“Sec. 194C applies when the payments are made for carrying out any work including supply of labour for carrying out any such work in pursuance of a contract between the contractor and the persons stated therein. By sub-s. (1) of s. 194C a liability to deduct tax at source is cast upon the person responsible for paying any such sum. Here, the responsibility of paying the sum for harvesting, cutting and transporting is of the cane growers. The payments are, no doubt, made to the labour hired for this purpose but these payments were made by the Samiti or by the assessee as alleged by the Revenue, not on its own account; they were for and on behalf of the cane growers. This is clearly established by the fact that—(1) The assessee was required to pay the fixed price and make the payment to the cane growers for the cost of the cane; (2) The payments, though in instalments, were debited to the cane growers’ advance account and adjusted ultimately to as cost of the cane; (3) The assessee had given and Samitis have taken the amount from the assessee for and on behalf of the cane growers and on their behalf; (4) Samitis have also paid that amount to the labourers on account of cane growers; (5) Surplus and deficit is ultimately adjusted in the cane growers’ account through the Samitis who have paid and received that amount from the assessee company. These facts are clearly a pointer of the fact that it was their responsibility as per the Government order and the board’s resolution of the society to make payment to the cane growers and it were they who actually made the payments for harvesting, cutting and transporting the cane to the gate of the assessee’s factory, though through the medium of the assessee and the Samitis. Every officer of the two factories and the two Samitis almost unanimously has averred that Samitis were working independently and it was the Samiti who was harvesting, cutting and transporting sugarcane to the gates of the two factories. They were taking money from the factory as advance being Rs. 190/195 out of the cost agreed to be paid for the purchase of sugarcane by the factories for and on behalf of the cane growers who were supplying the sugarcane to the assessee. The supply of sugarcane at the gate of the two factories as per agreements, rules and notifications of the Government, was the responsibility of the cane growers. Surplus or deficit was accounted for in the accounts of the cane suppliers and in all these matters the two factory staff including the accounts clerks and the chief accountants were helping them either free of cost or for cost recovered. The Samitis are maintaining separate records and they were audited. The assessee society also maintains the individual farmers account by debiting and crediting individual farmer account on the basis of advance payments made in instalments. The above details of each instalment paid for purchase of sugarcane were posted in respective accounts in the audited books of accounts of assessee society. Whether the Samitis were valid or not or whether they were not legally formed or registered with any State or Central Government, authority or that they were being looked after for everything by the assessee, would also not make much of difference, so long as they are making the payments for and on behalf of the cane growers and at their directions and ultimately adjusting the liability of the cane growers. It were they who were responsible for making the payments and not the assessees, who only paid the amount to the cane growers for the cost of the sugarcane at ex-factory gate price fixed as the sugarcane minimum price as per the notifications issued by the Government. There is a reason for extending the help in administering the Samitis by the assessee, and that is, that the cane growers are i literate people and might not be capable of independently handling the work of harvesting, cutting and transporting the cane to the assessee’s factory so effectively as without the intervention of the assessee who are better placed in their managerial skills. One of the other reasons was also that the company is interested in regular and timely supply of cane. They are also interested in good quality of cane which is ensured by deputing the technical boys to see that good crop is grown and supplied as raw material to the assessee which ultimately enhances its productivity and profits. That assistance is expected, the same being in mutual interest. In the beginning of the season of cutting, harvesting and transporting of sugarcane the assessee society passed a resolution in the meeting of board of directors for payment of advance for harvesting and transporting and to decide the 1st instalment followed by subsequent resolution for payment of 2nd instalment of the price of sugarcane and lastly to decide the sugarcane price to be paid to the farmer members. When it was resolved to pay advance of Rs. 190/195 per MT of sugarcane to farmer members towards cutting, harvesting and transporting advance the same is debited in Sabasad Sherdi Advance No. II account and the amount was credited in sugarcane management account. Simultaneously, the 1st instalment is also paid which is debited in Sabasad Sherdi Advance No. I account and the amount is paid to farmers in cash by crediting the cash account. Similarly, the 2nd instalment of Rs. 325 is debited in Sabasad Sherdi Advance No. II and credited in cash account by making payment to the farmer members. Zone Samiti received the funds from the assessee society as and when it required out of the advance amount lying credited in sugarcane management account. At that point of time the sugarcane management account is debited by making payments to Zone Samiti to make payments for cutting, harvesting and transporting on behalf of the farmer members. At the end of the season the balance in the sugarcane management account is transferred to Sugarcane Advance Account No. II by debiting or crediting the same and the sugarcane management account is squared up. The balances in both the advance accounts are thereafter transferred to sugarcane purchase account. In view of the above on the facts and in the circumstances of the case the assessees are not liable to deduct the tax at source under s. 194C from the payment made to Mukamdams and transporters by Zone Samiti; that the assessees are not liable for deduction of tax under s. 194C from the payments made as advances to its member farmers for purchase of sugarcane because as per the agreement it is for the cane grower to bring the sugarcane to assessee’s factory and that the ingredients of s. 194C are not attracted to make the assessees liable to deduct the tax at source from the payments made to Mukamdams and transporters who are member farmers of the Zone Samiti and who have no contract with the assessee.”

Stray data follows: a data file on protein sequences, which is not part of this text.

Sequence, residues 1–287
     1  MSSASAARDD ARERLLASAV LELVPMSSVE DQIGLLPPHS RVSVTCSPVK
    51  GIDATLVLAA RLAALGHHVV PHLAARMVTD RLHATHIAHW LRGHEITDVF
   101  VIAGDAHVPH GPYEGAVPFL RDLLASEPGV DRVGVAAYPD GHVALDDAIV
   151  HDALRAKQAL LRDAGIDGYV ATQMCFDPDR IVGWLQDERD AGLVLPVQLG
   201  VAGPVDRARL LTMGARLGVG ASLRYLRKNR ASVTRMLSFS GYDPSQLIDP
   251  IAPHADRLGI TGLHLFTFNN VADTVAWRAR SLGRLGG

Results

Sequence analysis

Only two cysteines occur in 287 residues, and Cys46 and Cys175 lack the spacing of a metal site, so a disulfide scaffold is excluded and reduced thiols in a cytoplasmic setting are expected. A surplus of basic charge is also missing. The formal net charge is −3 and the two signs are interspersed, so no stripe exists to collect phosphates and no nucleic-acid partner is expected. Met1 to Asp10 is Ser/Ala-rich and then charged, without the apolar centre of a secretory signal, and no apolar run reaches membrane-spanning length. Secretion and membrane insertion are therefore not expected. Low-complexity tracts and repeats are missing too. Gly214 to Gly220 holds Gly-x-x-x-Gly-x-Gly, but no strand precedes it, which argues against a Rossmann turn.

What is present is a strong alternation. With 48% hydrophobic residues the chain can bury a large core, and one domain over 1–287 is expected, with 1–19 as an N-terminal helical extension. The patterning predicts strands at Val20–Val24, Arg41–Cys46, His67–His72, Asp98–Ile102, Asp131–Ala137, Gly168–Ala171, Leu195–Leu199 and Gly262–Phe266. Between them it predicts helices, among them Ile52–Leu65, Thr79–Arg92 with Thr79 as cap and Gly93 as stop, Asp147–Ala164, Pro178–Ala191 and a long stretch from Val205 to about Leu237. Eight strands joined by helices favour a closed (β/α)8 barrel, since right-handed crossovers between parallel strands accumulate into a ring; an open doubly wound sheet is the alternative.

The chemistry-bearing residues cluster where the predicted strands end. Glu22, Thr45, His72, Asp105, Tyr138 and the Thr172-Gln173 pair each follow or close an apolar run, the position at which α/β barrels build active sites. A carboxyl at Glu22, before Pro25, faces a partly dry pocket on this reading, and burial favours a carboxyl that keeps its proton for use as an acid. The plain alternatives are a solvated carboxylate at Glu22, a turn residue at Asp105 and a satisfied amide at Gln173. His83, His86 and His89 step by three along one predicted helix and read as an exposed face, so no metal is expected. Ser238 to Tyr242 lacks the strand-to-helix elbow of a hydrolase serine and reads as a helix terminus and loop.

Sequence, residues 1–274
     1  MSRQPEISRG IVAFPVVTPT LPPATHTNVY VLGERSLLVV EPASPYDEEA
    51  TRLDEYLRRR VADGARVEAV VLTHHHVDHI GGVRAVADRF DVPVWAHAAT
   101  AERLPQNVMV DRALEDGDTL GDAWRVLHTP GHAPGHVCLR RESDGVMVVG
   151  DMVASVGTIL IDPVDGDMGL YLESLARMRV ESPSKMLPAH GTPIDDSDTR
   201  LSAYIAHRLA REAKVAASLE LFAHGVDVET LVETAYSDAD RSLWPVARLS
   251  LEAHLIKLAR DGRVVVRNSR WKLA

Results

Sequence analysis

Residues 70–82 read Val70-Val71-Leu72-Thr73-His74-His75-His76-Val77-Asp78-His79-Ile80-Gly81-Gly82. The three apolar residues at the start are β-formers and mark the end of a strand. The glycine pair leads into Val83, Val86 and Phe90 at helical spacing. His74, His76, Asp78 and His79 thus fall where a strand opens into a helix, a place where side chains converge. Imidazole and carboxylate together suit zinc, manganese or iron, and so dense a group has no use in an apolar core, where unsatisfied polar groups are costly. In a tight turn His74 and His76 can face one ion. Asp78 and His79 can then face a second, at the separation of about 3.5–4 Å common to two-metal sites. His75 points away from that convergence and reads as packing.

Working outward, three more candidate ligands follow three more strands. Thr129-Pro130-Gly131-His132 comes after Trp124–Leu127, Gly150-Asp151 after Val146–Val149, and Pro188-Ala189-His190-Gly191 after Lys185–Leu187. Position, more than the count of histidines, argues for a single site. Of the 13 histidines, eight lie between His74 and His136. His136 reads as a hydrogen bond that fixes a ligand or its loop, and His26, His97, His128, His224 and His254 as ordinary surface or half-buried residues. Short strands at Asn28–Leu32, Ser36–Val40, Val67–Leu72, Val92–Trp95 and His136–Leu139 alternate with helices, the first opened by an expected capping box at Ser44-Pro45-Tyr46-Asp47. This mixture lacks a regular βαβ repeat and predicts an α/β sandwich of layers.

15. The assessee relied upon the decision of ITAT, Pune Bench, in the case of Dy. CIT v. Dwarkadheesh Sakhar Karkhana Ltd. [2015] 55 taxmann.com 471 (Pune-Trib). The ITAT, Pune Bench under similar circumstances held as under.